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Earnings inequality, the business cycle, and the life cycle

Listed author(s):
  • Diana Alessandrini

    ()

    (Department of Economics, Auburn University)

  • Stephen Kosempel

    ()

    (Department of Economics and Finance, University of Guelph)

  • Alessandra Pelloni

    ()

    (Department of Economics, University of Rome ``Tor Vergata'')

  • Thanasis Stengos

    ()

    (Department of Economics and Finance, University of Guelph)

We investigate the relationship between short run macroeconomic conditions and earnings inequality. In our empirical work we establish a set of stylized facts: (1) earnings inequality is counter-cyclical; (2) the bottom quintile of the earnings distribution is the most volatile; (3) business cycles have a low or no impact on wage inequality, but they have a strong impact on hours worked inequality; and (4) the impact of an economic contraction on inequality is weaker in economies with higher levels of education. Then, to explain these observations we develop a stochastic Ben-Porath model of human capital accumulation with life cycle dynamics.

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File URL: http://www.uoguelph.ca/economics/repec/workingpapers/2016/2016-02.pdf
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Paper provided by University of Guelph, Department of Economics and Finance in its series Working Papers with number 1602.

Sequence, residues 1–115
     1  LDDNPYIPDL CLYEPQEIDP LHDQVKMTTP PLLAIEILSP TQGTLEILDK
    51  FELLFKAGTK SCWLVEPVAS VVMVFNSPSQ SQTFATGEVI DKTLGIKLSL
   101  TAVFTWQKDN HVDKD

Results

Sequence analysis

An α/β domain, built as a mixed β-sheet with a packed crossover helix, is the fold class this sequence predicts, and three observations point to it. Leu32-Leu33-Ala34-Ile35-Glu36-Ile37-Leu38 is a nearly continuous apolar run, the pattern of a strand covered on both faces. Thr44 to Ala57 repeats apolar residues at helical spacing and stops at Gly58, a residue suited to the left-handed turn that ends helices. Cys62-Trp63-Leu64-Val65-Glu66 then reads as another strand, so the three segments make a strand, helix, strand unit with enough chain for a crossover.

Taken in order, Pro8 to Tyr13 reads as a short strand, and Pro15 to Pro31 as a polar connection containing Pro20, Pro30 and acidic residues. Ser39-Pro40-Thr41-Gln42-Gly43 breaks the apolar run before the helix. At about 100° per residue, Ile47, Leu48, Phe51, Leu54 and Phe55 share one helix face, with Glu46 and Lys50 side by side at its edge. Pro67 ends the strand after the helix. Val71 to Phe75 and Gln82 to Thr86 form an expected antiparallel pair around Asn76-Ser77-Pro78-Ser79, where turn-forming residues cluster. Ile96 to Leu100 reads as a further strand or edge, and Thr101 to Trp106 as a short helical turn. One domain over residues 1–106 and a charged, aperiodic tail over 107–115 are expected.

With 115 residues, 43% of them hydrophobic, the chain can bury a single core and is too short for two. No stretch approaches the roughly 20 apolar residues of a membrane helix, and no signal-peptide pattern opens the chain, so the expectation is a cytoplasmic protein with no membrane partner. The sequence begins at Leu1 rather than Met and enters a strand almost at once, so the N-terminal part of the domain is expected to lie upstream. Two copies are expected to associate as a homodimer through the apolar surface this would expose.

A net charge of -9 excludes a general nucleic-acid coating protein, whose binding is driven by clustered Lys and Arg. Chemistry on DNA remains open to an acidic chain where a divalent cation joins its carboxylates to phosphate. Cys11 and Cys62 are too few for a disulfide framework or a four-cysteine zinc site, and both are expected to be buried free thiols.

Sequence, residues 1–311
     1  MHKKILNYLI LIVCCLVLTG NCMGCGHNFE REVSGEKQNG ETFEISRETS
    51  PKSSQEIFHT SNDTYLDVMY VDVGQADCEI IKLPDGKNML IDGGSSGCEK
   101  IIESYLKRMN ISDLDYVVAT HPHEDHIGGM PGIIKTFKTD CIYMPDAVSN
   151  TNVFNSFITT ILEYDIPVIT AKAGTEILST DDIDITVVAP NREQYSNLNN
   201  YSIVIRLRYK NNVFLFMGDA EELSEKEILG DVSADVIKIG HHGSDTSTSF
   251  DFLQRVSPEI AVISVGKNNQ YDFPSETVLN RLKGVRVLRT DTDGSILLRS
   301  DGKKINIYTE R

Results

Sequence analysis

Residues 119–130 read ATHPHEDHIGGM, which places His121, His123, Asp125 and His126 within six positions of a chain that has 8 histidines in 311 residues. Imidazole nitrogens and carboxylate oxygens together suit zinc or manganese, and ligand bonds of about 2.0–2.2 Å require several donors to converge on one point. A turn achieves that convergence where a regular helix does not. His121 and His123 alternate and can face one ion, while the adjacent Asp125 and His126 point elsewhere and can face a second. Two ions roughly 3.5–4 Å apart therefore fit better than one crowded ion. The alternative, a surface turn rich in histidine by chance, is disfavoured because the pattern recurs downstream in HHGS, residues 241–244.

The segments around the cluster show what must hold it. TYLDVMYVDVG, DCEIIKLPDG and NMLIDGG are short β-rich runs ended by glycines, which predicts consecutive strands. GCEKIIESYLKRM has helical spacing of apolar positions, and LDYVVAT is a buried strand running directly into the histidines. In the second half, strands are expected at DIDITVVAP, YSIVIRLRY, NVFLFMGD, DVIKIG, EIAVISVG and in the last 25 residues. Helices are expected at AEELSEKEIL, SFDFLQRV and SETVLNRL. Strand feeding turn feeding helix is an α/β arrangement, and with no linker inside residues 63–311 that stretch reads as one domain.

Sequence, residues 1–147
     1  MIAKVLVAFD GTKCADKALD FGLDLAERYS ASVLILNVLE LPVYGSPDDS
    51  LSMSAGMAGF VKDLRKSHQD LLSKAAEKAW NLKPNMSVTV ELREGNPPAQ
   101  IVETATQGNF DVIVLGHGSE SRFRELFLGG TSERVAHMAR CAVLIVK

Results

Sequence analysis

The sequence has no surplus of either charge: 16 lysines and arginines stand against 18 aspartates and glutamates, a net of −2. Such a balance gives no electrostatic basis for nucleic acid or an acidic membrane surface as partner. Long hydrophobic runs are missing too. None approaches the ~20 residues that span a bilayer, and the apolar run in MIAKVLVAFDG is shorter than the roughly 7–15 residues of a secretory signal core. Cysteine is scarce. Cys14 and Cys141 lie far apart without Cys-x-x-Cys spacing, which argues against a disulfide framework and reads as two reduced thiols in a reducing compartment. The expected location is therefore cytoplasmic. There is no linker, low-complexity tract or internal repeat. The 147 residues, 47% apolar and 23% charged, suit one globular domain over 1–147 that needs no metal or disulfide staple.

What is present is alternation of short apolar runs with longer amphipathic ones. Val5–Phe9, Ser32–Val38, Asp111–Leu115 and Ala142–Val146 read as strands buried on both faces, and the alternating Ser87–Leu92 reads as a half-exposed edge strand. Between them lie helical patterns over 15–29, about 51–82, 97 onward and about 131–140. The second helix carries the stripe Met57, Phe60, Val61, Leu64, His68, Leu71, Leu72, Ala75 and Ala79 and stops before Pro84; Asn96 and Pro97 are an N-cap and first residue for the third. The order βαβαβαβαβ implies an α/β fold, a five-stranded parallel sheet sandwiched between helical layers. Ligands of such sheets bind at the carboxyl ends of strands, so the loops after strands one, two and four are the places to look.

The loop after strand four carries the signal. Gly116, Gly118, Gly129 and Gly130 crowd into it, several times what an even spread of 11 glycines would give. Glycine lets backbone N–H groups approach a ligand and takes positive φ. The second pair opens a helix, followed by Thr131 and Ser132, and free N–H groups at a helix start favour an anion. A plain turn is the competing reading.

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Length: 44 pages
Date of creation: 2016
Handle: RePEc:gue:guelph:2016-02
Contact details of provider: Postal:
Guelph, Ontario, N1G 2W1

Phone: (519) 824-4120 ext. 53898
Fax: (519) 763-8497
Web page: https://www.uoguelph.ca/economics/

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  1. Jonathan Heathcote & Fabrizio Perri & Giovanni L. Violante, 2010. "Unequal We Stand: An Empirical Analysis of Economic Inequality in the United States: 1967-2006," Review of Economic Dynamics, Elsevier for the Society for Economic Dynamics, vol. 13(1), pages 15-51, January.
  2. Alessandrini, Diana & Kosempel, Stephen & Stengos, Thanasis, 2015. "The business cycle human capital accumulation nexus and its effect on hours worked volatility," Journal of Economic Dynamics and Control, Elsevier, vol. 51(C), pages 356-377.
  3. Virginia Maestri & Roventini, A. (Andrea), 2012. "GINI DP 30: Stylized Facts on Business Cycles and Inequality," GINI Discussion Papers 30, AIAS, Amsterdam Institute for Advanced Labour Studies.
  4. Simon C. Parker, 1999. "Income Inequality and the Business Cycle: A Survey of the Evidence and Some New Results," Journal of Post Keynesian Economics, M.E. Sharpe, Inc., vol. 21(2), pages 201-225, January.
  5. Hansen, G D, 1993. "The Cyclical and Secular Behaviour of the Labour Input: Comparing Efficiency Units and Hours Worked," Journal of Applied Econometrics, John Wiley & Sons, Ltd., vol. 8(1), pages 71-80, Jan.-Marc.
  6. Barlevy, Gadi & Tsiddon, Daniel, 2006. "Earnings inequality and the business cycle," European Economic Review, Elsevier, vol. 50(1), pages 55-89, January.